|Sir Reginald Tupper|
1917 portrait by Francis Dodd
|Born||16 October 1859|
|Died||5 March 1945 (aged 85)|
|Years of service||1873–1921|
|Commands held||HMS Venus
HMS Prince of Wales
Portsmouth Division of the Home Fleet
|Battles/wars||1890 Witu Expedition
World War I
|Awards||Knight Grand Cross of the Order of the British Empire
Knight Commander of the Order of the Bath
Commander of the Royal Victorian Order
Early life and career
Reginald Tupper was born on 16 October 1859, the son of C. W. Tupper, an officer in the Royal Fusiliers. His mother was Letitia Frances Wheeler-Cuffe, the daughter of Sir Jonah Denny-Wheeler-Cuffe, an Irish baronet. He joined the Navy at the age of 14 in 1873, and saw active service during the 1890 Witu Expedition in East Africa, where he was mentioned in despatches. In 1898 he was appointed as Deputy Commissioner for the Western Pacific and a member of the Naval Intelligence Department, and in 1901 promoted to Captain and posted to the Admiralty as Assistant Director of Naval Ordnance.
In 1903, he was given a seagoing command, the cruiser HMS Venus, and transferred to the battleship HMS Prince of Wales in 1905. In 1907, he was appointed to command HMS Excellent, a gunnery training depot. In 1912, he returned to a seagoing command with the Home Fleet, as a rear-admiral commanding the Portsmouth Division, aboard the battleship HMS Revenge; he left this post in 1913.
First World War
Tupper did not return to a command at the outbreak of the First World War, but in early 1915 was given command of the patrol area around the West Coast of Scotland. In early 1916 he took over command of the Northern Patrol from Vice-Admiral Dudley de Chair and subsequently promoted to Vice Admiral. He had hoped for command of the 4th Battle Squadron in the Grand Fleet. He commanded the Northern Patrol until it was abolished in November 1917.
After the Armistice, in January 1919, he was promoted to Admiral and appointed Commander-in-Chief, Western Approaches, based at Queenstown (Cobh) in southern Ireland. He held this post during the Irish War of Independence, handing over command and retiring from the service in 1921. The war and Irish independence hit Tupper hard, coming from an Anglo-Irish background; he later wrote that he found it painful to think about the period.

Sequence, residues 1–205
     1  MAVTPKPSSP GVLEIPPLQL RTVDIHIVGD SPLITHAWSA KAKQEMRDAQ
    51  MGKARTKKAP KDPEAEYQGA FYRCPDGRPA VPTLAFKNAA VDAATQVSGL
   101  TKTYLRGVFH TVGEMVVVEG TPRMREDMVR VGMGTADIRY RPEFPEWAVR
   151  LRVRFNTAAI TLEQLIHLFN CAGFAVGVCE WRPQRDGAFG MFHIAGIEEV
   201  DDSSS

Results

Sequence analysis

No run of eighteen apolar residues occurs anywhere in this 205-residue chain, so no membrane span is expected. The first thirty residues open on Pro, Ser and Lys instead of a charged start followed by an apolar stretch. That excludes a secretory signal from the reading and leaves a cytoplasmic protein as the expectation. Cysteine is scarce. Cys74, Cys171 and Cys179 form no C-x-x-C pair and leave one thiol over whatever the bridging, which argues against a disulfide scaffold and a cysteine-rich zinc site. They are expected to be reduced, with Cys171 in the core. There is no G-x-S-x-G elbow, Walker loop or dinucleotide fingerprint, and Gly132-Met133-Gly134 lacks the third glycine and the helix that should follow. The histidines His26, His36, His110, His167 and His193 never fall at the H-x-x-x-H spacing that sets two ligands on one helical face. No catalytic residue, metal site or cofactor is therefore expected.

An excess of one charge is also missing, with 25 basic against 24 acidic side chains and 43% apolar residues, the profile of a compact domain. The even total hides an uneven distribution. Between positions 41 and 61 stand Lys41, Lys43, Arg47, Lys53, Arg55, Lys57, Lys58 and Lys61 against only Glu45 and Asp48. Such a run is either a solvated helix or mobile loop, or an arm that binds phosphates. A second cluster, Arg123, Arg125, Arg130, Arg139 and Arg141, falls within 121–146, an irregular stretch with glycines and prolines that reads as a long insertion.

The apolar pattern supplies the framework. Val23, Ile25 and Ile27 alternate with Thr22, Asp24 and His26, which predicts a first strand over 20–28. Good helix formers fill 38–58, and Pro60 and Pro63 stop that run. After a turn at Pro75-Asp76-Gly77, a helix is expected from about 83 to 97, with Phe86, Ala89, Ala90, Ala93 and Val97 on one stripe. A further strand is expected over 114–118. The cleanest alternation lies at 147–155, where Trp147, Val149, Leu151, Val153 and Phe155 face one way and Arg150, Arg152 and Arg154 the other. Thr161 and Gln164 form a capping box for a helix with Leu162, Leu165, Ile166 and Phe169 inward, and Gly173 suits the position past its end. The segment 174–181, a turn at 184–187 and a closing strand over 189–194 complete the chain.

Tupper came from a politically and socially conservative background. In his twenties, he had written an article for the RUSI Journal arguing that there was no benefit to be gained by appointing naval officers through meritocratic competitive examination, as recruiting from the sons of officers and gentlemen would provide "brains sufficient to satisfy the scientific requirements of the Service". During the First World War, he was nicknamed "Holy Reggie" by his sailors.
In 1888 he married Emily Charlotte Greer, the daughter of Lieutenant-General Henry Harpur Greer, with whom he had two daughters. She died in 1929, and he remarried in 1933, to Caroline, the widow of Major-General Henry Richard Abadie. He died in 1945, survived by Caroline and leaving an estate of around six thousand pounds.
- Tupper, Admiral Sir Reginald Godfrey Otway, in Who Was Who (2008)
- Reginald Godfrey Otway Tupper, The Dreadnought Project, dreadnoughtproject.org; accessed 13 June 2015.
- Davison, Robert L (2011). The Challenges of Command: The Royal Navy's Executive Branch Officers, 1880-1919. Ashgate. p. 40. ISBN 1409419681.
- Cullen, Tom (1975). The Prostitutes' Padre. London: The Bodley Head. pp. 45–46. ISBN 0-370-10285-1.
- Linehan, Thomas (2000). British Fascism, 1918-39: Parties, Ideology and Culture. Manchester: Manchester University Press. p. 156. ISBN 0-7190-5023-5.
- Entry for Reginald Tupper (p. 835) in the Calendar of the Grants of Probate and Letters of Administration made in the Probate Registries of the High Court of Justice in England (1945).
Sir Lewis Bayly
|Commander-in-Chief, Western Approaches
Sir Ernest Gaunt